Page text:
MPs say horsemeat discoveries "tip of the iceberg"

LONDON Thu Feb 14, 2013 5:42pm GMT

1 of 7. A laboratory worker of the Official Food Control Authority of the Canton Bern holds frozen beef lasagne in the laboratory in Bern February 14, 2013. The samples of meat in the beef lasagne were tested for the presence of horse meat as a precaution after Swiss supermarket chain Coop has found horsemeat in its own-brand lasagne, which has the same French supplier, Comigel, at the heart of a scandal in Britain.

Credit: Reuters/Pascal Lauener

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LONDON (Reuters) - Discoveries so far of horsemeat in products sold as beef are likely to be the "tip of the iceberg", a parliamentary report into the scandal said on Thursday.

"The scale of contamination emerging in the meat supply chain is breathtaking," said Anne McIntosh, a legislator who chairs the cross-party Food and Rural Affairs Committee, which published the report. "More revelations will doubtless come to light in the UK and across the European Union."

Growing revelations about the use of horsemeat in products labelled beef have raised questions about the safety of the European food supply chain and prompted governments to send out a European Union (EU)-wide alert.

The EU's health chief said on Wednesday all companies that have handled falsely-labelled horsemeat were under suspicion, adding that the European Commission was considering strengthening EU rules on product labelling.

The British parliamentary report concluded there were strong signs horsemeat had been intentionally substituted for beef.

"British consumers have been cynically and systematically duped in pursuit of profit by elements within the food industry," it said.

The issue first came to light on January 15 when routine tests by Irish authorities discovered horsemeat in beef burgers made by firms in Ireland and Britain and sold in supermarket chains including Tesco, Britain's biggest retailer.

Concern grew last week when the British unit of frozen foods group Findus began recalling its beef lasagne on advice from its French supplier, Comigel, after tests showed concentrations of horsemeat ranging from 60 to 100 percent.


"While this is primarily a food labelling issue, the suggestion of fraud on a massive scale, suggests that measures must be put in place now to prevent any further contaminated meat entering the food chain," the report said.

It said Tesco and other major retailers had let consumers down by selling contaminated products, while regulator the Food Standards Agency (FSA) and the government had been caught flat-footed by the scandal and unable to respond effectively.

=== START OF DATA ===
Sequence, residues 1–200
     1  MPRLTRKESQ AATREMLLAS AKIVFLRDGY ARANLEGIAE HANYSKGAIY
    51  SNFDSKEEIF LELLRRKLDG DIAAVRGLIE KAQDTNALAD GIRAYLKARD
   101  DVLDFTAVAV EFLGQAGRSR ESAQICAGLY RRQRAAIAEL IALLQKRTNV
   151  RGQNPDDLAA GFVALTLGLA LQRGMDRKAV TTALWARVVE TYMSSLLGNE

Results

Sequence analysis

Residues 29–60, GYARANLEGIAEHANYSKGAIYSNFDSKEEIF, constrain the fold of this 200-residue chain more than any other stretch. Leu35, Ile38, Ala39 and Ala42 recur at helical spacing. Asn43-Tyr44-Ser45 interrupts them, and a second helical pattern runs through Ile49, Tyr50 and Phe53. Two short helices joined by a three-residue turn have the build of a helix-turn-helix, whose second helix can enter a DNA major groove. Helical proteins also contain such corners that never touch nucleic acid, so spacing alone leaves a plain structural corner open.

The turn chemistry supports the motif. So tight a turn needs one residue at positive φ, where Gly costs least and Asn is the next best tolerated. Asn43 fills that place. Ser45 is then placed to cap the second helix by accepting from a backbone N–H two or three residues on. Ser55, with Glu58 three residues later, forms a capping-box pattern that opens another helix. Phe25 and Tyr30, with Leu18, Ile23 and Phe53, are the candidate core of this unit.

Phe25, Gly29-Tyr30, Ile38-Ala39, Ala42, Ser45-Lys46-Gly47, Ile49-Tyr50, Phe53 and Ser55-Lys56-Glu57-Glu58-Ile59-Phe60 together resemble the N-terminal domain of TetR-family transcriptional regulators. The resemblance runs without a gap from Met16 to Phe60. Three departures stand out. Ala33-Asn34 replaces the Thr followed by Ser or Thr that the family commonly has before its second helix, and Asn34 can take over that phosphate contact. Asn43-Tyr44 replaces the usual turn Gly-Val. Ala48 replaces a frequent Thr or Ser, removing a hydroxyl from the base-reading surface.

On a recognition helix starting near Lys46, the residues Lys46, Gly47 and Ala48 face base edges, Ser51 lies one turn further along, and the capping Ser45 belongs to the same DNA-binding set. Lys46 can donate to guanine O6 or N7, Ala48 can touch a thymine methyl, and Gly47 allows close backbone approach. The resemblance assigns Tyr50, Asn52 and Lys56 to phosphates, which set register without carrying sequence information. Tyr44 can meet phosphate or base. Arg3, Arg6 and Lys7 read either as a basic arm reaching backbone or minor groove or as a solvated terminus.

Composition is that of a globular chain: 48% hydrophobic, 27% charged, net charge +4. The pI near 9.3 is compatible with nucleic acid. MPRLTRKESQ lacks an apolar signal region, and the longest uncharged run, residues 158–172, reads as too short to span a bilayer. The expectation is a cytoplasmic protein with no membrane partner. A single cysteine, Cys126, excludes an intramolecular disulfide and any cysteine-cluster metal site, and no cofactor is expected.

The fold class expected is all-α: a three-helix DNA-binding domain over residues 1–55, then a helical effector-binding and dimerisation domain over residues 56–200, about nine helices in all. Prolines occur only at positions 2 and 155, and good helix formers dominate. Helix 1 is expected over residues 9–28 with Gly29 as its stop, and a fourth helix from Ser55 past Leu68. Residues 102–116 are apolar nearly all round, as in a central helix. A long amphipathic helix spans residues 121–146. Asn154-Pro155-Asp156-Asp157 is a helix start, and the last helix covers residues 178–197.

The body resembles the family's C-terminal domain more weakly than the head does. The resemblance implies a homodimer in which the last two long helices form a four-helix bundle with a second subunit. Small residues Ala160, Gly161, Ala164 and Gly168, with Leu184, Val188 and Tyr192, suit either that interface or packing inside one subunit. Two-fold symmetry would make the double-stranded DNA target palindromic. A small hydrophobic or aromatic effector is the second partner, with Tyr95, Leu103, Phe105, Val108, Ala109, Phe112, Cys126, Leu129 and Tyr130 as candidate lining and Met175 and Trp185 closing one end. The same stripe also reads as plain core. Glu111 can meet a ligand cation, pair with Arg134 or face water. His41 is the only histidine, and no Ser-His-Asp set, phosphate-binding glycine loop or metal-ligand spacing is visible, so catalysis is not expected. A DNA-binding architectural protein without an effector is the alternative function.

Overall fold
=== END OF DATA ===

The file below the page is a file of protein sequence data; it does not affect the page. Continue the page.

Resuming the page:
The report said the British government needed to find the right balance between affordable food prices and regulations that ensure transparency and quality.

It recommended the FSA be given statutory powers to require producers to undertake testing and wants the agency to undertake a broader spectrum of testing for products found to have the highest levels of contamination, to provide assurances they do not contain other non-bovine DNA or substances that could be harmful to human health.

It said all results must be reported to the FSA, whether mandated by the Agency or carried out independently.

"The consumer cannot be left to face a Catch-22 where they can either pay for food that complies with the highest standards of traceability, labelling and testing, or accept that they cannot trust the provenance and composition of the foods they eat," said McIntosh.

(Additional reporting by Neil Maidment; Editing by David Holmes)

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Comments (6)
EssexInvestor wrote:
The probability of more discoveries seems certain but unless she knows something she has not told us, what evidence id there that what we know already is but a tiny fraction of what will be found (“tip of the iceberg”).

Could this be grandstanding by a politician?

Please note also that the horsemeat is not really the problem as it is, so far as we know, no threat to human health.

The problem is and remains a failure to control what is in the manufactured food products and (possible through such ignorance) a failure to accurately label the food.

The normal law should take its course with suitable commercial damages and criminal trials for fraud where appropriate. When politicians start taking over you know that fudge is in the air and their friends will get off. By the way, when UK beef was said to pose a serious threat to human health the French and others banned it; now that French made food products have been found to contain undisclosed ingredients, should we not ban all French foods until the issue is resolved? If not, why not – what else are they sending us?

Feb 14, 2013 9:03am GMT  --  Report as abuse
allritejack wrote:
It just proves the point that the massive EU bureaucracy of multiple thousands and dozens of statutory, money siphoning agencies, do absolutely nothing to protect the public from anything. Rather they are just a serious impediment to growth and a major contributor to the ongoing decline of the middle class.

Feb 14, 2013 9:19am GMT  --  Report as abuse
SteveSi wrote:
To my mind this is NOT a labelling issue but a serious health issue and it is not just about horse meat. Who is to say that brains and spinal column tissue is not also going into our food? If the processing plants and abattoirs are not inspected for the type of meat, they are not being inspected for hygiene, EU regulations or anything else!
How can I be sure that what I buy from the supermarket is OK to eat?
I want a logo on every meat product that says it’s source is fully traceable and the product is regularly tested for content and safety.

Feb 14, 2013 10:39am GMT  --  Report as abuse
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